[EDITORIALS]Pension reform urgentPark Myung-jae, the new minister of government administration and home affairs, recently suggested that a reform of the pension system for public workers could be delayed until the next administration. “The government has yet decided anything [about a reform plan],” Mr. Park said. “We should discuss whether to announce a reform plan within the year.” Asked whether the government still intends to revise the pension system for public workers in the current Roh Moo-hyun administration, Mr. Park said, “We will also have to discuss the issue with related agencies and review the schedule.”
The government said in April it would devise a plan to reform the public pension scheme by the end of this year. Then, in September, Lee Yong-sup, former minister of government administration, said that after the Korea Development Institute and a committee consisting of experts and civic group representatives presented their own proposals for the reform, the government would make its plan based on them within this year and would promote legislation early next year. The two proposals from the think tank and the committee have already been presented. But the Ministry of Government Administration is now stepping back. According to a survey by the Korea Development Institute, the average life-long income of public workers is 9 percent higher than that of other wage earners, thanks to pensions. Accordingly, it is rational to reform the pension for public workers first among state-run pensions, when the government’s financial conditions are considered. Who will support the government’s plan to reform state-run pensions, if the government keeps such an attitude? People might conduct campaigns to protest the government’s national pension reform.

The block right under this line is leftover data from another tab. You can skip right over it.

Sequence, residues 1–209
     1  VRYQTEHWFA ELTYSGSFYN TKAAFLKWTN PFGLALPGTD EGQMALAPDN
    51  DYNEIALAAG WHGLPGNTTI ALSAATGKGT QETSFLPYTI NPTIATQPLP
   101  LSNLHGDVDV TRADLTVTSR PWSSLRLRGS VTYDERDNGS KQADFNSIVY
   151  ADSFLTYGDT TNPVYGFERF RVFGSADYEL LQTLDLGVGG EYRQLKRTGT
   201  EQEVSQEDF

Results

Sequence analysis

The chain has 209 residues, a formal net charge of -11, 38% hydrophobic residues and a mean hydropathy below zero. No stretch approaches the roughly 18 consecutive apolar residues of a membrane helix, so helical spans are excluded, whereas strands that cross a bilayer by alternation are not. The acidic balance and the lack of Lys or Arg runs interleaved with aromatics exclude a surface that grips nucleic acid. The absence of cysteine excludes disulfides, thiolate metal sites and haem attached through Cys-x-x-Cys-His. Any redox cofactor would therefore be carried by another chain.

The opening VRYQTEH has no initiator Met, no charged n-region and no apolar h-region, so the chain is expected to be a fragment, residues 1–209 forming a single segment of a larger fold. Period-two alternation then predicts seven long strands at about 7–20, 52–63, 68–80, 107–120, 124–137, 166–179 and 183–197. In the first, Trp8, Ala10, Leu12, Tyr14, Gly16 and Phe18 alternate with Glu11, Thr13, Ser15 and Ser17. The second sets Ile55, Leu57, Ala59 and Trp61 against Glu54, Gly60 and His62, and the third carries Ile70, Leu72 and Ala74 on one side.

The Ministry of Government Administration showed a similar attitude in 2000 when it revised the pension law. The ministry did not reflect the demand for reforms from scholars, citing protests from public workers. A reform of the pension for public workers directly affects the interests of the ministry. Accordingly, it is impossible for the ministry to be neutral in planning reform. The ministry had better withdraw from designing the reform and leave it to an objective committee. The administration seems to be counting votes of public workers before the presidential election, scheduled late in 2007. But the government should remember that it can lose many more votes than it gains with such a practice.